WIELAND, H. J. .,...,...................,......,,,...............,........... ......,.,...,.. T urning
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In Appreciation to:
Miss Norma Miller, our staE adviser, who
has worked diligently with the students to
publish not only the bimonthly edition of the
"Star of the North," but also our June
annual. It is through her efforts that just
the right bits are chosen and put together to
form "copy." Her good nature, which makes
working with her a pleasure, seldom varies.
If any other person were in her position,
her patience, with just cause, would have
expired long ago.
Mr. Mueller, who may often be seen work-
ing busily on school papers and year books.
He is "Keeper of the Bees" in the printing
shop, a bee hive of industry, which turns out
its products in a prompt and business-like
manner. What strikes me most, is the fact
that he is always able and willing to do "just
a little bit more."
Hildur Anderson, art instructor, to whom
we are responsible for the artistic designs
which carry out the modernistic theme of
this book. Truly she has a great task to
perform: to show us that "Life is an art and
art is Life." May we gather some tints from
Miss Hazel Runnels, as faithful an adviser
and helper as any student has had the honor
to claim. One who has ever been highly
interested in our activities, and whose advice
We take as word from the wise. She is not
only a fair weather friend, but is always
there to pat us seniors on the back when we
are disappointed or discouraged. "Among
her Souvenirs" are the faces of numerous
former Virginia graduates who are climbing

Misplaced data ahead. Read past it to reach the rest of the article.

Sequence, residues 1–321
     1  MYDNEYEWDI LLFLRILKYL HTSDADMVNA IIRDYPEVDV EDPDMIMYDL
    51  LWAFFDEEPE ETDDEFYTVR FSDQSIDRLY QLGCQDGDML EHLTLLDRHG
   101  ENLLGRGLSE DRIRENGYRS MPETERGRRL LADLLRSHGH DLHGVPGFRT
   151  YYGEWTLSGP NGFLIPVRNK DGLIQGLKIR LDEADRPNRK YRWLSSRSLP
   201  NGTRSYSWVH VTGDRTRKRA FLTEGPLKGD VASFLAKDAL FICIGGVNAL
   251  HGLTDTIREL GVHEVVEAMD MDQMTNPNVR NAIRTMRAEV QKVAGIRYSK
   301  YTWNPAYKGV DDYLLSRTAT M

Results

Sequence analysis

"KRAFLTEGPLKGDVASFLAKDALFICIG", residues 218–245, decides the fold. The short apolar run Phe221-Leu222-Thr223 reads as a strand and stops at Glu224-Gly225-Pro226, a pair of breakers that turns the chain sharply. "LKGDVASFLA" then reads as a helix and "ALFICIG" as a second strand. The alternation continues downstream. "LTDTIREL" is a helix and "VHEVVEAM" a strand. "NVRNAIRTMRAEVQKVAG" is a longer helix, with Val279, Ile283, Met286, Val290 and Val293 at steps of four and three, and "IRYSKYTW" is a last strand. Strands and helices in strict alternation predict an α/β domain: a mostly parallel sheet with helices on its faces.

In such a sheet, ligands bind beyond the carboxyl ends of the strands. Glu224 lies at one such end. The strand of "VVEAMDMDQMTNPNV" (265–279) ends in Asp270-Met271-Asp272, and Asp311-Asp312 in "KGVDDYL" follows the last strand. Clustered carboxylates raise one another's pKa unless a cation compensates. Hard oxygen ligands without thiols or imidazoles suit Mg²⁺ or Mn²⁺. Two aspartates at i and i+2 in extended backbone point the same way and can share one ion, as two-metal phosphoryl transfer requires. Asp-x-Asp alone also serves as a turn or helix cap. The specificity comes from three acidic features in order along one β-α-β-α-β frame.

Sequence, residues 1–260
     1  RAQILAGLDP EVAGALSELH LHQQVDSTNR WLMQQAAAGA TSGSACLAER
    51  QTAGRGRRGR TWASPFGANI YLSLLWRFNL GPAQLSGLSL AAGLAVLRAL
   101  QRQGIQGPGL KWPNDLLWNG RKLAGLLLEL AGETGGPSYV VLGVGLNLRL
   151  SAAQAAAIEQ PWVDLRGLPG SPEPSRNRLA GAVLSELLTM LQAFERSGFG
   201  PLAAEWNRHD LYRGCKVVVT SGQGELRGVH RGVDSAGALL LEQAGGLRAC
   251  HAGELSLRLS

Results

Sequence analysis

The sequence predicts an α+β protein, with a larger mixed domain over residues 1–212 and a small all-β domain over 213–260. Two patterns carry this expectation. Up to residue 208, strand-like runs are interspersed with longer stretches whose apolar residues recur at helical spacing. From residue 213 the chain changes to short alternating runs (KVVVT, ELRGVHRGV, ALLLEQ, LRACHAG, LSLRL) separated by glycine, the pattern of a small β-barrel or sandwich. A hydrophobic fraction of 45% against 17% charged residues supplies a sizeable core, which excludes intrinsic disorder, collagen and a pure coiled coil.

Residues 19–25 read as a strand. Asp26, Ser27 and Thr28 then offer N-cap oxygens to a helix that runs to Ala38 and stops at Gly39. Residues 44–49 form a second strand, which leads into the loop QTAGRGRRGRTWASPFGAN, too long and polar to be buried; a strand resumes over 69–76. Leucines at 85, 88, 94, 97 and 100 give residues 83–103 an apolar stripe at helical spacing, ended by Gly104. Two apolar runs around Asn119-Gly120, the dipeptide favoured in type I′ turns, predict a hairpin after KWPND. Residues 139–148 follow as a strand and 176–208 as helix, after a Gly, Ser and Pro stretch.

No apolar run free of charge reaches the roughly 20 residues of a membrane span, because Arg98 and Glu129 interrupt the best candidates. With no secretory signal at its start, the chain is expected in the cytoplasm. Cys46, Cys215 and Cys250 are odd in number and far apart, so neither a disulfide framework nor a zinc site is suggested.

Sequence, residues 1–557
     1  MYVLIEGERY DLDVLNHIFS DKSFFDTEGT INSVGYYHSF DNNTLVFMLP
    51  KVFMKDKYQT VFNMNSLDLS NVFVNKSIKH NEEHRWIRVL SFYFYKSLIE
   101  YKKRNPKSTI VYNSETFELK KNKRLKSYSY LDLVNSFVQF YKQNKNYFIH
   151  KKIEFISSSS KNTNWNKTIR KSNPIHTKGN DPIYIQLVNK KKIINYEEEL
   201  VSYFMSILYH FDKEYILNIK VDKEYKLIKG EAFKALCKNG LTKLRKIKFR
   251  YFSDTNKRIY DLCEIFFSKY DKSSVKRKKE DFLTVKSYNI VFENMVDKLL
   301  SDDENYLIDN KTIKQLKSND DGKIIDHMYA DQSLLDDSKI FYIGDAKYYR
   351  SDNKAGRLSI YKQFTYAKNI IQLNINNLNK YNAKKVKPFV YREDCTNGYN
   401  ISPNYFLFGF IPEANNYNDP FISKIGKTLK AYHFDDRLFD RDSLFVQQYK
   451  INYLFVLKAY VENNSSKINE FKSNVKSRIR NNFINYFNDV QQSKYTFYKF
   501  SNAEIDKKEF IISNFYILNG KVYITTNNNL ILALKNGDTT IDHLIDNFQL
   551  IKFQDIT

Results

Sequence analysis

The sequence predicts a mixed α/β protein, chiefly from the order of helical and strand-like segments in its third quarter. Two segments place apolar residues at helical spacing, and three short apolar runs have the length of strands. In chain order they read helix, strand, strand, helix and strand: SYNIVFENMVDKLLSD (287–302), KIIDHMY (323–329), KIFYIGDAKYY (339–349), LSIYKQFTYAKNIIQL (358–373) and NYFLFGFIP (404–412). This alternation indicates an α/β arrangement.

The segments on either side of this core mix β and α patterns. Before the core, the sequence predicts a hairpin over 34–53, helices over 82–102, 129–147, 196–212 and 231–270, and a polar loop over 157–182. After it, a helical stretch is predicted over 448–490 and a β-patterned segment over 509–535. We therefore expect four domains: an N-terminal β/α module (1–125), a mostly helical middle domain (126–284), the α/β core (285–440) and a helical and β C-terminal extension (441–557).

the ladder of success by attempting to follow
the example she set before them. Let us also
try to follow the principals and ideals she
has set before us.
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' JUNE SENI ORS '
Kenneth McGhee, President Clarence Viitala, Treasurer
Fabian Ketola, Vice President Marjorit Mott, Secretary
MOTTO: Cliara-cter gives splendor to youth.
COLORS: Orchid and Silver.
FOUR YEAR HONOR ROLL: Madeline McLeod, Fredolph Mattila, Marjorie Mott,
Burke, 0129- C9-r1S0Y1, Margaret Ebrrler, ViV- Orlin Ofstad, Alber Ruud, J arl Seppanen,
1an Granroth, Aune Heikkinen, Ina Hietala, P 1 V.d ' J 1. H tt K th M
Ardith Hoagland, Anna Isaacson, Ruby J ert- au 1 mar, u la u umm' enne C'
son, Russell Johnson, Sylvia Koskila, James Ghee, Dorothy Atkinson, Susan Tonheim.
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JULIA AHLSTRAND DOROTHY ATKINSON
Swimming team '27, '28. National Honorary Society: Class Play.
"Her favorite past times are swimming and eating." "There is only one proof of ability-action."